Farms are located where sunlight is available, which makes them a good location to deploy structures to collect solar energy. Traditional solar energy structures cast shadows, however, which affects how much sunlight crops receive and decreases yield.
Purdue University researchers have created solar energy modules mounted lower to the ground than traditional modules used on farms. Because the structures are not as tall, they do not require deeper foundations so the system is more affordable and requires less time for a return on investment. The structures also use a rotation system and sensors to optimize the amount of energy generated and the amount of light that crops receive.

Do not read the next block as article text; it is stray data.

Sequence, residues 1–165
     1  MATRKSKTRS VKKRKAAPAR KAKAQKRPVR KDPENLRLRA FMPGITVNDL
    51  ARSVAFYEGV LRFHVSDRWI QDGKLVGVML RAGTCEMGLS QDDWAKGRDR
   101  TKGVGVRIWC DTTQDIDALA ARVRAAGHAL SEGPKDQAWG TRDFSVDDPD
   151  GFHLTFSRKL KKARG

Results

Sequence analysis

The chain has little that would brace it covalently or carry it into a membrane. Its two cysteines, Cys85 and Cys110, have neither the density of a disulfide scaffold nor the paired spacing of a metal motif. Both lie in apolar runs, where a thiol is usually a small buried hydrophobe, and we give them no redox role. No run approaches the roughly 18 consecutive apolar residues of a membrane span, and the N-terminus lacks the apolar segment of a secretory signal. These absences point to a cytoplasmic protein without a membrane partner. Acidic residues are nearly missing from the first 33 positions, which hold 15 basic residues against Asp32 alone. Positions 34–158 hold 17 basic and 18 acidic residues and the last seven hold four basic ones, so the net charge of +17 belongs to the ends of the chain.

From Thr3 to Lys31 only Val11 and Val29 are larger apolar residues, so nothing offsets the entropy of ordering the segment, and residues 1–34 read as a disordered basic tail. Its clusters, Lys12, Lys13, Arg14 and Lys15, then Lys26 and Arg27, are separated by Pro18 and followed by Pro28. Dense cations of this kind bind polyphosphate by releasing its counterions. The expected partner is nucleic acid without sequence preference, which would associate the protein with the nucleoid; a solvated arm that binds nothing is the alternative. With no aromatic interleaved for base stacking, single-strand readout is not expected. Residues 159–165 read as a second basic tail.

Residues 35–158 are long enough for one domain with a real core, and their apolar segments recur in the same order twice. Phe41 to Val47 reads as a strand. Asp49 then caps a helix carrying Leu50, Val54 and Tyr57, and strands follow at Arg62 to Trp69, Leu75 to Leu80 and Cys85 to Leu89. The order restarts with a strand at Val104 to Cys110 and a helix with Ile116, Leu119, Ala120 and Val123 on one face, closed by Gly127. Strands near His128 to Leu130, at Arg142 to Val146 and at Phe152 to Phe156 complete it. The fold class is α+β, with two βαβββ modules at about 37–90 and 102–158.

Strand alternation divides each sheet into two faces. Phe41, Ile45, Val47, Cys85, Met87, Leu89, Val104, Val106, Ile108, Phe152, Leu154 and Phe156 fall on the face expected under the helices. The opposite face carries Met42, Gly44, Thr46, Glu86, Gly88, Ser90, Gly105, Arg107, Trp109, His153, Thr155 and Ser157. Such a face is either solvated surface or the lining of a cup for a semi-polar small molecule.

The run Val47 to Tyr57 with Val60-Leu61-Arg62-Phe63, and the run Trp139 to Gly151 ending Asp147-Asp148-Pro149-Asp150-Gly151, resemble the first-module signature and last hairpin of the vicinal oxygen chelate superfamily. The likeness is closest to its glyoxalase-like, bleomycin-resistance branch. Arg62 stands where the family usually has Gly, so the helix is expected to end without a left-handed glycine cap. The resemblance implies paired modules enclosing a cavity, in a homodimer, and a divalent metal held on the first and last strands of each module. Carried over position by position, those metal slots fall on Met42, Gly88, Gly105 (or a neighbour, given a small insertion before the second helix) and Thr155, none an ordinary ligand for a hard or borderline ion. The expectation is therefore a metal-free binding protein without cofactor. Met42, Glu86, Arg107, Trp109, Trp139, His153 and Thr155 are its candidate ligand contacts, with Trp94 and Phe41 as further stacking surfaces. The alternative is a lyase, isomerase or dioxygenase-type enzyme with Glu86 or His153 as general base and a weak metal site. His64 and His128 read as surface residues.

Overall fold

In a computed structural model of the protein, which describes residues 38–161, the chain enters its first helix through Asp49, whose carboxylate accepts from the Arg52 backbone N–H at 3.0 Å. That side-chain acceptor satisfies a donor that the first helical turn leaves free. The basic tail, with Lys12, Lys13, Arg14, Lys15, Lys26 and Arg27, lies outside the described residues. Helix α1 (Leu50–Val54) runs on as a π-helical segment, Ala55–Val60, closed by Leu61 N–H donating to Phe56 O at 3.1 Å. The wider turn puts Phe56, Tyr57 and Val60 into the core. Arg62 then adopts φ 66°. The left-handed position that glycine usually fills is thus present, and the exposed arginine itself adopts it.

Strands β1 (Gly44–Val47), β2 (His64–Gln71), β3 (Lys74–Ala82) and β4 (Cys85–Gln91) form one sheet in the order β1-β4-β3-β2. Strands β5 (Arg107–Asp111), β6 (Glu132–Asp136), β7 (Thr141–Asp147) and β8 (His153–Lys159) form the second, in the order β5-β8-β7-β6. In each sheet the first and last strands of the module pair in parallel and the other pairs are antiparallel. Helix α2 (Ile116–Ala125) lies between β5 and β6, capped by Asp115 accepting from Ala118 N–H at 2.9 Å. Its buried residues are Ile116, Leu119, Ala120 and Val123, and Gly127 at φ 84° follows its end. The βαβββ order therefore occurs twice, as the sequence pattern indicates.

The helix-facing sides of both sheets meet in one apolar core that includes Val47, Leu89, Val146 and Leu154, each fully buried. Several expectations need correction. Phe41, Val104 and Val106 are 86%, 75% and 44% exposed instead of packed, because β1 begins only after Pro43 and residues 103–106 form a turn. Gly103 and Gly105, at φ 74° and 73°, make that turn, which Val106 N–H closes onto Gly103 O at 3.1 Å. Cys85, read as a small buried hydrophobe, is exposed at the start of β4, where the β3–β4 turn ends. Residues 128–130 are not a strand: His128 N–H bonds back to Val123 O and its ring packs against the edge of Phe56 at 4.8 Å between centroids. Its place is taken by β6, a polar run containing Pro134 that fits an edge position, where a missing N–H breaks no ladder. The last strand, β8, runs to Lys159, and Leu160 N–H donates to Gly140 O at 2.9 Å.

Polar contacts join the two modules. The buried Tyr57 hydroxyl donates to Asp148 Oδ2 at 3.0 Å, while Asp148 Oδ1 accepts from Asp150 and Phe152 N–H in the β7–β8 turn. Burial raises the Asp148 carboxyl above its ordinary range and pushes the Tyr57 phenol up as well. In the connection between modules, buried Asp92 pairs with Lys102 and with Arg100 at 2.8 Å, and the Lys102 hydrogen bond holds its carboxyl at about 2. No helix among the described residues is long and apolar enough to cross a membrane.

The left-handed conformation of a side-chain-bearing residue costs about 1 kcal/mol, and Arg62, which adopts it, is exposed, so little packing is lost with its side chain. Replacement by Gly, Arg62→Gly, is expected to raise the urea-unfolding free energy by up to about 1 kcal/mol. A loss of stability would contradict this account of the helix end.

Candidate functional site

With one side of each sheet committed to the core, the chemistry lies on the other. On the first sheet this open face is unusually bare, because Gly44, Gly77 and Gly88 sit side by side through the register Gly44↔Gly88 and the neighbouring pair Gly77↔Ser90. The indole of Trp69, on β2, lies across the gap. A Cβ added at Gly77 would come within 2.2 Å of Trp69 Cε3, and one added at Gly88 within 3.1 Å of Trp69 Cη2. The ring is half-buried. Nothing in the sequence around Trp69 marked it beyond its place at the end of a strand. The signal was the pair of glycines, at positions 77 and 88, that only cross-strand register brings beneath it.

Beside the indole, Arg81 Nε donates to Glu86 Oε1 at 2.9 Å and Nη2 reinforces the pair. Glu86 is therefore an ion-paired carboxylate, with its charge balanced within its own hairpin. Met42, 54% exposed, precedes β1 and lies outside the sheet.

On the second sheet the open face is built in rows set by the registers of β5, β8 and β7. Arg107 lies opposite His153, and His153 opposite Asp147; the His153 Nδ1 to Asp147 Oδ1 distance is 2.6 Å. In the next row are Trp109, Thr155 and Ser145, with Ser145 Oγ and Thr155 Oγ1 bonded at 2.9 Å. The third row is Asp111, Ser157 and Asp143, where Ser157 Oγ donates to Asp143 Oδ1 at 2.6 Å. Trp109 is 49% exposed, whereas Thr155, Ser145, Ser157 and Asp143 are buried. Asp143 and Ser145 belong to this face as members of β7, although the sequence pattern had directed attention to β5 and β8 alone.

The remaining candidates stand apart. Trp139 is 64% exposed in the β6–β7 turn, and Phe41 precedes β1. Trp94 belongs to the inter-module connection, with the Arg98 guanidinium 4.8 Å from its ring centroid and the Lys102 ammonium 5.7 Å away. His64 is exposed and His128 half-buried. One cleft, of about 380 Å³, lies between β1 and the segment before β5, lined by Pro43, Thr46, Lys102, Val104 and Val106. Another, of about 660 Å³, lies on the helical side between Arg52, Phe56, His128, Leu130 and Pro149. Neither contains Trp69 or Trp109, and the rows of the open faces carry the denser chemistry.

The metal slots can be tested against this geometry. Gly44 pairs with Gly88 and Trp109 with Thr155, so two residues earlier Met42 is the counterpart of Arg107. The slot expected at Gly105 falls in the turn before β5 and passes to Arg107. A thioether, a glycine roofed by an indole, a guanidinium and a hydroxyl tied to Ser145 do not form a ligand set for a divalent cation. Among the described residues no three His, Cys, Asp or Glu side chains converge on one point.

Muhammad Ashraful Alam, the Jai N. Gupta Professor of Electrical and Computer Engineering; Rakesh Agrawal, the Winthrop E. Stone Distinguished Professor of Chemical Engineering; Mitch Tuinstra, professor of plant breeding and genetics, the Wickersham Chair of Excellence in Agricultural Research, and scientific director of the Institute for Plant Sciences
IN THE MEDIA
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“The Purdue invention can solve multiple challenges that have slowed the adoption of agrivoltaics. One is the cost of installation. Solar panels may be installed on tall and deep supports so that machinery can pass underneath, whereas the Purdue invention proposes panels near the ground that can rotate out of harm’s way. Another concern is the effect on crop yields. However, by optimizing the rotation for specific types of crops, yields can be increased.” – Jacob Brejcha, Licensing Associate – Physical Sciences